Strengthening Ukraine, and destructing Russia
Reflections by Kyrylo Cyril K.
The main strength of nationalism is its social perspective – it brings legitimacy to a state as a political entity representing people united by values and/or ethnicity. While political realism thinks about world affairs as chess moves generalising individuals into cumulative material or military resources, and mercantilism assesses where financial benefits lie, nationalism adds ideological pillar for a nation-state’s stability or formation. To give up some freedoms and control to a state people need to be sure that such state will represent their determination in principle, for which they must have something significant in common. At times of limited and slow interconnectedness those were simple things – language, traditions, imagined common descent, which enabled ethnic nationalism to form, strengthen and define borders of states, startling from Britain and France in 18th-19th centuries and mainly ending in 1990s upon the escape of peoples from the Soviet ‘Prison of Nations’. Recently in exponentially more interconnected world, civic nationalism became more sustainable principle uniting ethnically diverse populations in a state based on commonly agreeable commitments and resonating values – such countries as New Zealand, Canada, United States could be such examples. Civic nationalism is what drives supra-polities, such as European Union, and what might become basis for other forms of global governments representing groups of people spread across the globe. That is where, I reckon, nationalism might be seen starting interleaving with collectivism.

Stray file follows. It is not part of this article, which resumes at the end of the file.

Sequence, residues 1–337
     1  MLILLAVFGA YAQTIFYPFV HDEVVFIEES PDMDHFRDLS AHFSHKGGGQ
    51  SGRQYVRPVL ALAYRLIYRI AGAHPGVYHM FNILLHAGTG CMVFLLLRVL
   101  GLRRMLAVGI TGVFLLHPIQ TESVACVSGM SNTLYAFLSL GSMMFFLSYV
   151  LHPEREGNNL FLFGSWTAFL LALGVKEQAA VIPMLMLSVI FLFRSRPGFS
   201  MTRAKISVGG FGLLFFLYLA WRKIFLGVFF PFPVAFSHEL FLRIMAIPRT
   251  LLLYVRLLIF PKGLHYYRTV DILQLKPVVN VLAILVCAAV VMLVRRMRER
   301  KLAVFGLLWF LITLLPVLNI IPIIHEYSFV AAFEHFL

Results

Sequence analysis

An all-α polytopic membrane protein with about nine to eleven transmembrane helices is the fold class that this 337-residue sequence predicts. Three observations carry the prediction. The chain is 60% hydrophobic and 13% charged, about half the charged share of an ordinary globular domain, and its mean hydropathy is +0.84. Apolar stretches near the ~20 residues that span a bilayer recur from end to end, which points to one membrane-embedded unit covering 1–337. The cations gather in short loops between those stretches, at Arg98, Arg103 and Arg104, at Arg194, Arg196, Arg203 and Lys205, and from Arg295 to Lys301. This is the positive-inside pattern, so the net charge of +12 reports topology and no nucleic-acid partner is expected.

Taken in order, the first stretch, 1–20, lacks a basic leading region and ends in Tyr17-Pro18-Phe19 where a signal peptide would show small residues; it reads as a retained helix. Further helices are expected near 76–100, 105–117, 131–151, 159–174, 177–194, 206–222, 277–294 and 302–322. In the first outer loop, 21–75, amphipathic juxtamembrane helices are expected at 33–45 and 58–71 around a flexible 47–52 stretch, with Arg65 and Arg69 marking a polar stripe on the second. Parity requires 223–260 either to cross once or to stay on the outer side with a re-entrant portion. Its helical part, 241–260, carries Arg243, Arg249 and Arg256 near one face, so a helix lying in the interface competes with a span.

Giving a quick excurse into the hot topic of Ukrainian nation and state currently fighting for its national self-determination, soverignty, culture and values, I argue that nationalism through centuries helped to form, strengthen, defend, and preserve Ukrainian identity. People living across vast lands upon collapse of the medieval Kyivan State (9th-13th centuries) shared religion, vernacular, and social traditions, while its legal state-building heritage became a basis for Lithuanian state which pulled most of Kyivan territories under its own control in the 13th century. Being transferred under Polish administration in the 16th century, European ideas of reformation and then enlightenment helped to shape values of Ukrainians, who, however, pushed back against religious and ethnical oppressions resulted in the deprivation of political rights – factors which defined national unity in a fight for rights and own nation-state in the 17th century. Language, traditions, and culture survived under Muscovy state’s politics of aggressive assimilation through 18-19th centuries, while academical intelligentsia developed partly under Polish, partly under Austrian, partly St. Petersburg’ rules helped preserve and develop a dream of a revived nation-state of all Ukrainians. Ethnic nationalism was a defining factor in a declaration of independence in 1917 and unification with western territories in 1918 in borders settled by Ukrainians as presented at the Paris Peace Conference of 1919. Same ethnic nationalism earned Ukrainians a fame of those who do not surrender and fight all the enemies long after any formal ceasefire declared – till 1932 after Bolshevik’s formal incorporation of Ukraine into the Soviet Union in 1922; and then from 1939 – first against Soviet occupants, then from 1941 – against German occupants, and again against Soviet re-occupants until 1949 by Ukrainian Insurgent Army. In 1991 it was however a mix of ethnic and civic nationalism which secured a vote for an independence by the predominant majority of population in every single region of Ukraine, internationally recognised sovereign and independent in its borders. And again, mix of civic and ethnic nationalism, now with clear signs of self-association with western collectivism, proved the whole world that Ukraine is a distinct nation, united in its self-determination and defence against hordes of invaders, who are also driven by nationalism – but a destructive and a weakening one …